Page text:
Police: Stone Mountain Park closed Saturday

Stone Mountain Park will be closed Saturday due to security concerns.

The Stone Mountain Memorial Association put out a statement late Friday announcing the closure. The release reads:

“The Stone Mountain Park Police Department will be closing the park to the public tomorrow, Saturday, February 2, 2019. No vehicles or pedestrian traffic will be allowed into the park. Only hotel and campground guests will be allowed entry and exit through the park gate.”

A white supremacist group had petitioned to rally at the park this weekend due to the significance of the site and its proximity to the Super Bowl this weekend. Those permit requests were denied, but rumors lingered there would be a gathering despite those denials.

Stone Mountain Police said they have identified security concerns and are working to address them with various state and local law enforcement agencies.

The specifics as to those security concerns were not immediately released.

On Saturday, organizers with the group FLOWER, which was formed as a response to the rally and who support the removal of the carving in the mountain, gathered near the park and met with Stone Mountain Police Chief Chancey H. Troutman.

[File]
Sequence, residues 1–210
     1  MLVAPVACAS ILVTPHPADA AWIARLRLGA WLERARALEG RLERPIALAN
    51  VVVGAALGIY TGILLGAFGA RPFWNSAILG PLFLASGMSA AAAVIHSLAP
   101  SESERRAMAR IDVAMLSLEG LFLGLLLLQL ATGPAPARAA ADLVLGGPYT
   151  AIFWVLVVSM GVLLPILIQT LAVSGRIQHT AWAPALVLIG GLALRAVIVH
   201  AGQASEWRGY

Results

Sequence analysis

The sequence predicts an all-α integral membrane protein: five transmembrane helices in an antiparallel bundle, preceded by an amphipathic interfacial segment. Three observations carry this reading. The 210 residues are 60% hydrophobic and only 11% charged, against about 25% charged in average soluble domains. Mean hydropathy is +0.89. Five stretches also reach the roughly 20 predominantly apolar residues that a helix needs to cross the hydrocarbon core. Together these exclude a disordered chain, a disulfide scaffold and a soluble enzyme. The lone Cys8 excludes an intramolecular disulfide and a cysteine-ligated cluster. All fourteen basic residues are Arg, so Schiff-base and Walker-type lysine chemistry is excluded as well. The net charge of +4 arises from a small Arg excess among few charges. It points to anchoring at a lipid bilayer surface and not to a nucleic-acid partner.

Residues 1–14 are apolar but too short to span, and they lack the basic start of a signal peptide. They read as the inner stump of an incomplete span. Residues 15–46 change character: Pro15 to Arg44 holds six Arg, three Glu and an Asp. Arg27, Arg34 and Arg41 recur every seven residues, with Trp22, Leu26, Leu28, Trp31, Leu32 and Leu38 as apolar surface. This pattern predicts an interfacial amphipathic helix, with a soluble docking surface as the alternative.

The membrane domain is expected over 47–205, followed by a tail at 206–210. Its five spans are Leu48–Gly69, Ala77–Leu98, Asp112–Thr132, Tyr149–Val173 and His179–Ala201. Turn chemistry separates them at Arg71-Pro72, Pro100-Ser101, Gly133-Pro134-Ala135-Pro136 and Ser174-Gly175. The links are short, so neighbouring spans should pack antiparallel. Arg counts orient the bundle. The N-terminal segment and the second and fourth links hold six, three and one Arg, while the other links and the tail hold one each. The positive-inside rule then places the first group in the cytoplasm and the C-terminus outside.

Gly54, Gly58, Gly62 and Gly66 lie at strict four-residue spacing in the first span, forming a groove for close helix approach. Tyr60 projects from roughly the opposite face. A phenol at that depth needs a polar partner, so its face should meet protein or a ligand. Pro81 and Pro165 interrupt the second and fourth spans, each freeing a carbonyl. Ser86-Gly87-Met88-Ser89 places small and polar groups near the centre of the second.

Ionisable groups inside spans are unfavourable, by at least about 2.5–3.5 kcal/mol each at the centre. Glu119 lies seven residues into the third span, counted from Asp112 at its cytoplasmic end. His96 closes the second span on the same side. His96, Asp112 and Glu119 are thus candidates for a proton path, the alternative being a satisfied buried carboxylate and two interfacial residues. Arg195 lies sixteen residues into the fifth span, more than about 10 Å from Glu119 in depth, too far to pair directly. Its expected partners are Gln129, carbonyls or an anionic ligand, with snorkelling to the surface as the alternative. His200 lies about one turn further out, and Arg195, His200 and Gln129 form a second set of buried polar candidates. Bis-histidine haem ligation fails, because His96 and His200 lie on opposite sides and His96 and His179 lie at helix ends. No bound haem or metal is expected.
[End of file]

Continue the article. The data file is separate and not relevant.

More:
"We're here to make sure everything is peaceful, and I do believe you all will be peaceful in my city of Stone Mountain," Troutman told the crowd. 

Stone Mountain is noted as the site of the rebirth of the Ku Klux Klan in 1915.

Later, funds were raised to carve the largest bas-relief in the world into the side of the mountain depending three Confederate figures, Jefferson Davis, Robert E. Lee, and Stonewall Jackson. Annual Labor Day cross-burning ceremonies were held in front of the giant rock facade until the state of Georgia condemned and purchased the property in 1958.

The site was famously immortalized with the line "Let freedom ring from Stone Mountain of Georgia" in Rev. Martin Luther King’s “I Have a Dream” speech during the March on Washington in 1963.

Seven years after the park was condemned, the state opened the property as a park serving "as a memorial to the Confederacy."

In recent years, the subjects in the bas-relief have sparked controversy as Southern state re-examine the role of public Confederate monuments.

Today, Stone Mountain Park is one of the most visited destinations in the state offering camping, rides, and other family-friendly amenities.

Stone Mountain is located several miles east of downtown Atlanta and Mercedes-Benz Stadium where Super Bowl LIII will be held this Sunday.